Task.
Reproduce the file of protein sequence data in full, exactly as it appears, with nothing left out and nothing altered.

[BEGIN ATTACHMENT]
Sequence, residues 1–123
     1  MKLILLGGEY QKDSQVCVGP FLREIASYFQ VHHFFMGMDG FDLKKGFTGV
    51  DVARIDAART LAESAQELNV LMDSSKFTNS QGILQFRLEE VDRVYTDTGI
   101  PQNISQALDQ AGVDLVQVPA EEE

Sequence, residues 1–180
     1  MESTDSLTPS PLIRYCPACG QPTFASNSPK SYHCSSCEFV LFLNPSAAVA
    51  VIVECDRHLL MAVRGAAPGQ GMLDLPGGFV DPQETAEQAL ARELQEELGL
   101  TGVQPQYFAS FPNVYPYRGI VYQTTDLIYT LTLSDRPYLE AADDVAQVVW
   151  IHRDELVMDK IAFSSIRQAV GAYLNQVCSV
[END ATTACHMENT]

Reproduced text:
Sequence, residues 1–123
     1  MKLILLGGEY QKDSQVCVGP FLREIASYFQ VHHFFMGMDG FDLKKGFTGV
    51  DVARIDAART LAESAQELNV LMDSSKFTNS QGILQFRLEE VDRVYTDTGI
   101  PQNISQALDQ AGVDLVQVPA EEE

Sequence, residues 1–180
     1  MESTDSLTPS PLIRYCPACG QPTFASNSPK SYHCSSCEFV LFLNPSAAVA
    51  VIVECDRHLL MAVRGAAPGQ GMLDLPGGFV DPQETAEQAL ARELQEELGL
   101  TGVQPQYFAS FPNVYPYRGI VYQTTDLIYT LTLSDRPYLE AADDVAQVVW
   151  IHRDELVMDK IAFSSIRQAV GAYLNQVCSV